According to a survey done by the Ghana Statistical Service (GSS), more than half of pregnant women in the country are anaemic, compared to 40% who are not pregnant.
The survey, titled “The 2022 Demographic and Health Survey,” found that children aged 6-59 months in families were eligible for anaemia testing.
It indicated that the Northern area had the highest frequency of anaemia, at 69%, followed by Ahafo at 35%.
According to the survey, the prevalence of anaemia among children has decreased from 78% in 2008.
Anaemia causes many detrimental health repercussions for adults, including weariness and lethargy.
Regarding cesarean procedures, the Survey indicated that deliveries were more common in urban areas, accounting for 27% against 15% in rural areas.
According to the research, more than one in every five live births in the two years leading up to the Survey were delivered via caesarean section.
In terms of HIV knowledge, the report found that 2% of women aged 15-49 had sex with more than one partner in the year before the survey.
Of these women, 12% reported wearing a condom during their last sexual encounter.
The data also revealed that 15% of men aged 15 to 49 had sex with more than one partner in the year preceding the survey.
According to the survey, 18% of men used a condom during their last sexual intercourse.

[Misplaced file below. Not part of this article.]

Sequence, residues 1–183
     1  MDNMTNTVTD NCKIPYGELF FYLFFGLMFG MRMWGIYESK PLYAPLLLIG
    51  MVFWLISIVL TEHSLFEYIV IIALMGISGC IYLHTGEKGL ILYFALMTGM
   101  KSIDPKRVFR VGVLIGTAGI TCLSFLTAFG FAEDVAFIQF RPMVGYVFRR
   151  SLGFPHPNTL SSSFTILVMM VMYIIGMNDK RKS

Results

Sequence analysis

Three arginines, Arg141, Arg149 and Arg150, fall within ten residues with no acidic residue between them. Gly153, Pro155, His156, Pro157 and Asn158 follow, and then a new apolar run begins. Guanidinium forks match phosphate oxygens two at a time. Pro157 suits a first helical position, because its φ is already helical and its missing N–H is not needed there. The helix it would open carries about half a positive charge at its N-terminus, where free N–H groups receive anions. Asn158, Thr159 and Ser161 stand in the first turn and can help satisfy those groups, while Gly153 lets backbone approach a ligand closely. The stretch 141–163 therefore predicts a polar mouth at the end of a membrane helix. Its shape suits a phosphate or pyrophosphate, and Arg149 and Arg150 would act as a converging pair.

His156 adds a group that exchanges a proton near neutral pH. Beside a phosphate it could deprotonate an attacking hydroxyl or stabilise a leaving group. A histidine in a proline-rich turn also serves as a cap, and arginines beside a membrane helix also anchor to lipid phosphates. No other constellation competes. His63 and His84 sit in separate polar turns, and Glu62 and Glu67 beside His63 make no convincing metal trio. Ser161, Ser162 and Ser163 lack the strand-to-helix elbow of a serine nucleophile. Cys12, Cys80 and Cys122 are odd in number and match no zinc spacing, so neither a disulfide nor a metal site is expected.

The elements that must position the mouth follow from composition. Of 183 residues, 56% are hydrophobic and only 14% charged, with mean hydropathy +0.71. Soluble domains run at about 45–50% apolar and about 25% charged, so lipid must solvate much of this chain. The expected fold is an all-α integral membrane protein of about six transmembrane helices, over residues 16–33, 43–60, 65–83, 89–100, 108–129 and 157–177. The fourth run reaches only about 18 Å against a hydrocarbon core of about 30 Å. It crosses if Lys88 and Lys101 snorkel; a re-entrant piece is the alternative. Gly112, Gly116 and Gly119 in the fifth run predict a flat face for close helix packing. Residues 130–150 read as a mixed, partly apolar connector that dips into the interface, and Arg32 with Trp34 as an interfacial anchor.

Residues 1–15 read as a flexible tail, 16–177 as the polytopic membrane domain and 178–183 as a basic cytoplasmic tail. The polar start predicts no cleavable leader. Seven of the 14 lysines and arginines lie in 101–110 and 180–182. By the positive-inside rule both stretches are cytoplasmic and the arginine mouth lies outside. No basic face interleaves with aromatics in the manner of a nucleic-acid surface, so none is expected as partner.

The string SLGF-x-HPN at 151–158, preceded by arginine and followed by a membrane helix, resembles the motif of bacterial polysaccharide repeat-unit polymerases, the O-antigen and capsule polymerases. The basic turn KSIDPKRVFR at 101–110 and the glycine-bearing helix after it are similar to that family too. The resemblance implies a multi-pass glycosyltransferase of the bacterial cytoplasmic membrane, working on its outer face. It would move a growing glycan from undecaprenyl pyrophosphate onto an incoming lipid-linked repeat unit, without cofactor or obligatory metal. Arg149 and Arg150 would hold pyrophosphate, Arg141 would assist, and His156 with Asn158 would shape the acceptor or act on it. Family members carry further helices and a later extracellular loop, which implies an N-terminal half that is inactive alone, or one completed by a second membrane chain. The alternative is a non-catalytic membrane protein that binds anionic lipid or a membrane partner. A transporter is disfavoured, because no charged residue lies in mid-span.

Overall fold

Dr. Chris Opoku Fofie, Deputy Director in Charge of Reproductive and Child Health at Ghana Health Service, stated that the Survey will provide timely information to authorities and build comprehensive policies to resolve any abnormalities in the report.
He stated that anaemia in pregnant women was the primary worry since it could lead to higher maternal mortality and poor birth outcomes.
He urged the government to invest in health education so that the public is aware of preventive measures.
The Survey is the country’s seventh report since 1988, and its purpose is to offer data for monitoring the demographic and health status.
The GSS conducted the Survey with financing from USAID, UNICEF, UNFPA, the World Bank, the Global Fund, KOICA, the World Health Organization, and the Foreign, Commonwealth, and Development Office.
A nationally representative sample of 15,014 women aged 15-49 from 17,933 households, as well as 7,044 men aged 15-49 from half of the selected households, were interviewed.
The Survey shows a response rate of 98 per cent of women and 97 per cent of males.